Today, CFC features class 2012 star defensive tackle from the Glebe Gryphons, Natu Myers. Natu began his football career with the Gryphons in 2008.
Defensive Tackle, Defensive End
6’4, 260 lbs
Glebe Gryphons (high school)
Cumberland Panthers (varsity)
Ottawa Sooners (CJFL)
Canterbury Mustangs (peewee/bantam)
Team Ontario East
In his freshman year of high school, Natu began playing football because he was enticed by what the sport had to offer on the field.
“I was initially drawn to football in grade 9 because it was the first time that I was a part of a team sport,” explains the star defensive tackle. “I enjoyed the comradery of the sport and the rich emotional atmosphere while in the thick of a game.”
In 2009, the Gryphons standout played with the Canterbury Mustangs in the Ottawa South’s National Capital Amateur Football Association (NCAFA) League. Steadily showing growth and development as a player, Natu was awarded team most improved player honours.
The next season (2010), the defensive tackle was invited to play with the Ottawa Sooners in the highly competitive Canadian Junior Football League (CJFL). He was part of a Sooners team that were the regional finalists.
“I played football at the age of 15 to 16 with people aged up to 21,” adds Natu. “I gained a lot of football experience and learned the fundamentals of football.”
Most recently, the graduating star played for the Cumberland Panthers in the Ontario Varsity Football League. Also, he helped some of the grade nine players with football skills while completing his last playing season with the Gryphons.
However, Natu’s most rewarding experience came in July 2011 as a member of Team Ontario East at the Football Canada Cup in Lethbridge, Alberta.
“I was exposed to a very high level of play and coaching,” says the standout that was named defensive MVP of the game versus Team Manitoba at the tourney. “The dynamism surrounding the training, coaching and team play helped me have a new respect for football.”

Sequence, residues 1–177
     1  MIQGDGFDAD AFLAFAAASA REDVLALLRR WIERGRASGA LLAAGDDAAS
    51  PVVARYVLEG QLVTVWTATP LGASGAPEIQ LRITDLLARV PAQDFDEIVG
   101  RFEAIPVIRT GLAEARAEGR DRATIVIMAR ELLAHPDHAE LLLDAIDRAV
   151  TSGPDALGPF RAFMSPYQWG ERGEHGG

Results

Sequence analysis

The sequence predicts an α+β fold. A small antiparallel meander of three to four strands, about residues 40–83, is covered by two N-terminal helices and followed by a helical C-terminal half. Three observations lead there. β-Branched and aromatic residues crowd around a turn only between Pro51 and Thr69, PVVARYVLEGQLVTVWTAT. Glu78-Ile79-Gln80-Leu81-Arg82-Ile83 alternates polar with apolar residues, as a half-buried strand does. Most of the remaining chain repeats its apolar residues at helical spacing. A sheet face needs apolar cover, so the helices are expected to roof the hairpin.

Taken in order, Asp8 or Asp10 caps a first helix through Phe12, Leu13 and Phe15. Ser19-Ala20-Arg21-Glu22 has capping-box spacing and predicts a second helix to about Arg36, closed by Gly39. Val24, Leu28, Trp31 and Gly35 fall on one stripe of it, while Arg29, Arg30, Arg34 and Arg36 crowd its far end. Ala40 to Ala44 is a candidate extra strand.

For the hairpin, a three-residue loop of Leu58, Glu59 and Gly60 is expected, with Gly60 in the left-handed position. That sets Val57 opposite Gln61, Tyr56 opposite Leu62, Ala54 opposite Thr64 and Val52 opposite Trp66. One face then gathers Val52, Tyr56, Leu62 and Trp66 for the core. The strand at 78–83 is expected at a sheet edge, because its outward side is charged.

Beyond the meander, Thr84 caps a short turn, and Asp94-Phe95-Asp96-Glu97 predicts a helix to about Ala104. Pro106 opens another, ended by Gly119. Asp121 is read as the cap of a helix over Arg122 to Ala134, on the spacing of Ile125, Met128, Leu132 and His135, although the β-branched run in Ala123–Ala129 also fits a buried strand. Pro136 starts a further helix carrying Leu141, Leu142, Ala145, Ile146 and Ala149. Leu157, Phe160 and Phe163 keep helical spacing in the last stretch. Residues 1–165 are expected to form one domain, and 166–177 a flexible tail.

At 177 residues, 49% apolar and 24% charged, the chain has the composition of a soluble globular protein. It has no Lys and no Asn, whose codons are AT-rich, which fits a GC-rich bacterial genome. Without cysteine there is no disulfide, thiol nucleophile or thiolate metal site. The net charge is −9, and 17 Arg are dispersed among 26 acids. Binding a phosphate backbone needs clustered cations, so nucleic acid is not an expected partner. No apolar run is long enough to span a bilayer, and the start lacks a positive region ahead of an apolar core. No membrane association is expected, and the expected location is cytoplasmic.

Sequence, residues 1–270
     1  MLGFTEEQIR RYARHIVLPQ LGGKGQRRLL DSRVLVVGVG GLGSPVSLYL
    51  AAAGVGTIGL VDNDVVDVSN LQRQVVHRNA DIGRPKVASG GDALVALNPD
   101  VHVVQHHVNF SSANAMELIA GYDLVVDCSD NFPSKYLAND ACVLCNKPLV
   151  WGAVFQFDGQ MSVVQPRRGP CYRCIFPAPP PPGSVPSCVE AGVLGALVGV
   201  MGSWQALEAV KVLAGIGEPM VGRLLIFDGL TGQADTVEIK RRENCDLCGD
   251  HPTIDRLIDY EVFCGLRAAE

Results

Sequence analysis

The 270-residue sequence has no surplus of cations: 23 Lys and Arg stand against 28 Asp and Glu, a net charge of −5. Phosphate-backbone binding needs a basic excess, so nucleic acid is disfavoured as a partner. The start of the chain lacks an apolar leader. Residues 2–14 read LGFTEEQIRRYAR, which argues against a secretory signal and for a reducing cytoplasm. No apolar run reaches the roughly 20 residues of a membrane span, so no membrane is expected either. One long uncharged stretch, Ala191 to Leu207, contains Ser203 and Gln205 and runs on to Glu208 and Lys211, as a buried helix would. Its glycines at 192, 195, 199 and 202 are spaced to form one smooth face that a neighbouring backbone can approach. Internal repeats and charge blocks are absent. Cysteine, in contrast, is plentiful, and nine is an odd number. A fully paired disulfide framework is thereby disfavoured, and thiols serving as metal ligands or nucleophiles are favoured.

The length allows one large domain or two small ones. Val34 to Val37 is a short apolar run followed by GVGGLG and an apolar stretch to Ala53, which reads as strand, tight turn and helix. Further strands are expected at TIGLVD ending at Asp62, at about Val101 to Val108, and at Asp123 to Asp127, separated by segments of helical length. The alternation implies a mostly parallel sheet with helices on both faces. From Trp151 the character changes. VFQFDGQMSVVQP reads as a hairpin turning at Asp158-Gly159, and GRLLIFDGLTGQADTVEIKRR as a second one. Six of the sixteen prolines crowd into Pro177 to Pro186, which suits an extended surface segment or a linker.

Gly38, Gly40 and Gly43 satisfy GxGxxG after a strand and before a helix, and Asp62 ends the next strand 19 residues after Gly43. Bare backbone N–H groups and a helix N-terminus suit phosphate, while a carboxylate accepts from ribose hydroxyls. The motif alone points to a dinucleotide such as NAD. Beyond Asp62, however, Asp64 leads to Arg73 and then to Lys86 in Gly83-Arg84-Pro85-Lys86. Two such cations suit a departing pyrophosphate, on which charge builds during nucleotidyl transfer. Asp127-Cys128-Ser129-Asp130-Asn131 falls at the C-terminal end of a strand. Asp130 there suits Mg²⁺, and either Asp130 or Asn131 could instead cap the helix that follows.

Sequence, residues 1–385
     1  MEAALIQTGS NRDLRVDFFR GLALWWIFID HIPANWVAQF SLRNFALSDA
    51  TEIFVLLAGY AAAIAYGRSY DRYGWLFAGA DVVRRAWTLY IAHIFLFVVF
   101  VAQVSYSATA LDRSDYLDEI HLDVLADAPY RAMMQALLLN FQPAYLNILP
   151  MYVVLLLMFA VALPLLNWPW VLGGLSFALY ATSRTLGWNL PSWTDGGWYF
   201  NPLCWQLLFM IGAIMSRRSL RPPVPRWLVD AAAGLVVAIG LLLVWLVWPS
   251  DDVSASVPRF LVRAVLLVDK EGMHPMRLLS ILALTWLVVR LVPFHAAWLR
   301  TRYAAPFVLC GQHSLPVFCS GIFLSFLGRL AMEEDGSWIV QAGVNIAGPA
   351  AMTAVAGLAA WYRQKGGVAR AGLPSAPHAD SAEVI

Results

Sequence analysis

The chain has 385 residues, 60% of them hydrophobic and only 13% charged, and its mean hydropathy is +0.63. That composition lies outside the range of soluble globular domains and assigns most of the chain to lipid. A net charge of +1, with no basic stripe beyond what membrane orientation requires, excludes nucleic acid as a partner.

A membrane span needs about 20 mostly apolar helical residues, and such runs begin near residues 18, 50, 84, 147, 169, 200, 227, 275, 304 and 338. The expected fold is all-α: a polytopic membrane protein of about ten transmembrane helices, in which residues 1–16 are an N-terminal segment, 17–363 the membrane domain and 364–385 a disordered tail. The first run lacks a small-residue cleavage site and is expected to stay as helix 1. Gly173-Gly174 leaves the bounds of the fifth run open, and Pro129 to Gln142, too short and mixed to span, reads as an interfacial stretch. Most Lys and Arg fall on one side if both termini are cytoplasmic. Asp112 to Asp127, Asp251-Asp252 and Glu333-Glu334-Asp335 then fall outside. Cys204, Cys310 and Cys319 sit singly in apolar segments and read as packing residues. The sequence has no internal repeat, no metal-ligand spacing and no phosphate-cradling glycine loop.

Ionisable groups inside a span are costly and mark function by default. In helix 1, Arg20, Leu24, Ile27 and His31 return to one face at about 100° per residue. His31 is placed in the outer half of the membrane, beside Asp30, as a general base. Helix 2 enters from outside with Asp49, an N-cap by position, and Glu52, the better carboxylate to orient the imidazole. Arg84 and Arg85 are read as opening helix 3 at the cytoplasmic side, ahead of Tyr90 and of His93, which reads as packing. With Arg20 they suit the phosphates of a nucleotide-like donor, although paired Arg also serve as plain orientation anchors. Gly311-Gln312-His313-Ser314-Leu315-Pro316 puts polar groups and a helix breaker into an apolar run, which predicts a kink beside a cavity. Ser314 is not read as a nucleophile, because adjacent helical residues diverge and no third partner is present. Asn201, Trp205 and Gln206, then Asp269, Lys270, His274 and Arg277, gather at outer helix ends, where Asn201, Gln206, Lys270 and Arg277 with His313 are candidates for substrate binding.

Even though Natu may have only started playing football in grade 9, he has flourished into the player he is today due to the coaches he’s had over the years.
“All the coaches who have helped me develop my football skills, my athleticism and have encouraged me to go to the next level as a player have been highly influential to my growth as a football player,” says Natu who can run 40 yards in 4.9 seconds. “Without them, I wouldn’t have developed to this level.”
As for the biggest influence on his life, it is his mother who has sacrificed a lot and encouraged Natu in achieving his football goals.
“She supported my passion for football and has driven for hours to watch my games,” comments the Gryphons standout. “She sacrificed money and time to help me access coaching and training opportunities that have helped me improve my level of play.”
Natu has played sports other than football. He was a member of the Glebe Gryphons junior rugby (2008-2009) and the Gryphons basketball (2009-2010) teams.
Not only has he achieved success on the field, but in the classroom as well. For the last two years, the graduating player has been on the high school honour roll. Additionally, he is a leader off the field by participating in an international program called Link Crew via his high school.
“Its purpose is to integrate grade 9s into their school by establishing must-have life skills in the school culture through planed, school-wide events,”explains Natu of the program. “The Link Crew program is composed of students who are selected through popular demand, invitation and interviews.”
After graduating this year from high school, the Gryphons standout is interested in continuing future studies in kinesiology, human kinetics, or biomechanics.
Overall, the football experience has reaffirmed things he has learned from his Christian faith. He sees many similarities between his faith and the game he loves to play.
“On every football team, there is an assortment of athletes: you have a diversity of backgrounds, heights, weights, physiques, running abilities and strength and it is this variation in attributes, but common purpose, among the athletes that will often lead a football team to success,” says Natu. “This is much like how different people in our world are given different gifts and abilities.”
“If all individuals were to focus on developing their God given gift and maximizing the potential inherent in those gifts to a common purpose, the sum of these focused efforts would equate into a more efficient and high performing world.”
Video of Natu’s Football Highlights: